Policies and Procedures for Handling Copyright in IUPAC Projects
Much of the output of the work by IUPAC Task Groups, Commissions, and
Committees is published in written form or in computer databases. To
encourage widespread dissemination of this output, IUPAC normally copyrights
the material so as to be able to control its distribution and, in some
cases, to provide a financial return that can help pay some of the expenses
in creating the published material. For Recommendations and Reports
published in Pure and Applied Chemistry (PAC ), IUPAC routinely
grants the right to reproduce or translate the material without any
payment in order to foster wider dissemination. For material published
in book form,including compilations of evaluated data, and for corresponding
computer databases, IUPAC does not automatically grant free permission
for reproduction, but considers each case on its merits.
Questions have sometimes arisen about “ownership”of material published
(or about to be published) by IUPAC, primarily in terms of evaluated
compilations of data in written or computer-readable form. It is clear
from copyright laws and court decisions that data per se may not be
copyrighted, but the form in which they are presented may be. Thus ,an
IUPAC publication may use data that have appeared elsewhere, and other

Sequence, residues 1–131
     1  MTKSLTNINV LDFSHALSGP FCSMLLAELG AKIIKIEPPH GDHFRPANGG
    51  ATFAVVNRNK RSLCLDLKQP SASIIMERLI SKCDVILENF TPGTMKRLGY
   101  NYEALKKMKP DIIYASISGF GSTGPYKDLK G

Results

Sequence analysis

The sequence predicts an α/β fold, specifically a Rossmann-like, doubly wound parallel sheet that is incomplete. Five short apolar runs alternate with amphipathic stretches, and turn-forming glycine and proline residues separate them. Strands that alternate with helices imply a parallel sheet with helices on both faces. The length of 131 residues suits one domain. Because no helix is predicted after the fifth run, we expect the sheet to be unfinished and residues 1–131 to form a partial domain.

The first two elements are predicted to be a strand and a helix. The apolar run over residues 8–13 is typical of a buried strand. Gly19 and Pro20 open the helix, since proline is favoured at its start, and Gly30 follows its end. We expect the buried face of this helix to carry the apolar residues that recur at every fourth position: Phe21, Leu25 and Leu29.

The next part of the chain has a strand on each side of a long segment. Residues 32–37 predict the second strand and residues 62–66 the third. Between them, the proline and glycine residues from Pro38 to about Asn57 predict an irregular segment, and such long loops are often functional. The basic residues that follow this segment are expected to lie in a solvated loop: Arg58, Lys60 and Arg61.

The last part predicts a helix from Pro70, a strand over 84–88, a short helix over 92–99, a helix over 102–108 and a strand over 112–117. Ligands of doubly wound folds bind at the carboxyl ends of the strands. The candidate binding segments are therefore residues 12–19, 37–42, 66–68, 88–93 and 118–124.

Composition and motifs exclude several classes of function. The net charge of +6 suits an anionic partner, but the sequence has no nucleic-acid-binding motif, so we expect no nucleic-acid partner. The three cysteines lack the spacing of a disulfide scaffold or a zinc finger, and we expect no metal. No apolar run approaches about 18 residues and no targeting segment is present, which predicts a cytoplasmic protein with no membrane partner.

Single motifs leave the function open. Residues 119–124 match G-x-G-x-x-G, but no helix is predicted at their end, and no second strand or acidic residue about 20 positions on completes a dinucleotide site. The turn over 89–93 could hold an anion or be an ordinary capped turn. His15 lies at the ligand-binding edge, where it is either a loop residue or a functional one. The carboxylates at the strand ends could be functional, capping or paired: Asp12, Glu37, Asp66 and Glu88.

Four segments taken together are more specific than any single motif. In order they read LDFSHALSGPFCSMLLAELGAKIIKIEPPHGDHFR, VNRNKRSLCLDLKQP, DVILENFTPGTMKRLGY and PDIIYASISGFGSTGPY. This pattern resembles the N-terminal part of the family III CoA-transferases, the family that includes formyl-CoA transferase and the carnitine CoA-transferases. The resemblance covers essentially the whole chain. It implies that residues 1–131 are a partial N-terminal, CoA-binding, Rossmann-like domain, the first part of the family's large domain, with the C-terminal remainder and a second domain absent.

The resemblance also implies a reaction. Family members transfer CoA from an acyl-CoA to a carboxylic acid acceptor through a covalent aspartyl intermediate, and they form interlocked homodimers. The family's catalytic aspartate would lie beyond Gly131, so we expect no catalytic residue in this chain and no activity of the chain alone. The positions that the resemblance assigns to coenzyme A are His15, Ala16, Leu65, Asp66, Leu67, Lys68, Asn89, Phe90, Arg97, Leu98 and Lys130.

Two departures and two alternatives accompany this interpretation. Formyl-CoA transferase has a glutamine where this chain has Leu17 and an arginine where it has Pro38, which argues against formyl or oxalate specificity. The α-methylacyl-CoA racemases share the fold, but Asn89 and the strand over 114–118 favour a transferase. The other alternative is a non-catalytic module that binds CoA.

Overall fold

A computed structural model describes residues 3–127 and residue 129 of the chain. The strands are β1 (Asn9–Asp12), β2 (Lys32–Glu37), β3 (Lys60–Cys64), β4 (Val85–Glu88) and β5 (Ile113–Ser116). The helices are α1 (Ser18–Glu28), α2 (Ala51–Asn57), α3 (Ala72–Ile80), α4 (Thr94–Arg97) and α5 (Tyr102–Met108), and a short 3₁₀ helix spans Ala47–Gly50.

producers of databases may use data from IUPAC publications, so long
as there is no verbatim copying of the material in the form presented.
On occasion, a database produced from IUPAC-endorsed material may be
thought to gain value from such an endorsement.
1. Current policies regarding copyright and reproduction of material
from PAC allow reproduction, republication, and electronic storage
and/or dissemination, without payment of royalties to IUPAC, provided
that full reference is made to the source in PAC and acknowledgement
is given to IUPAC. Publication of a translation into another language
also requires prior approval from the relevant IUPAC National Adhering
2. For projects that are expected to result in publishable material
(in written or computer-readable form), IUPAC normally anticipates that
the publication will be copyrighted by the Union, and volunteers working
on the project should be made fully aware of this policy.
3. IUPAC recognizes that, in addition to the financial support provided
by the Union for each project, individuals involved in a project usually
derive considerable financial resources from their employers, who may
have a legitimate interest in the material emerging from the project.
To the maximum extent possible, any potential conflicts should be worked
out, including agreement to share copyright and/or royalties, at the
inception of a project.
4. IUPAC strives to maximize dissemination of its published material
by cooperating with other entities where appropriate, including agreeing
to share copyright and/or royalties, if required.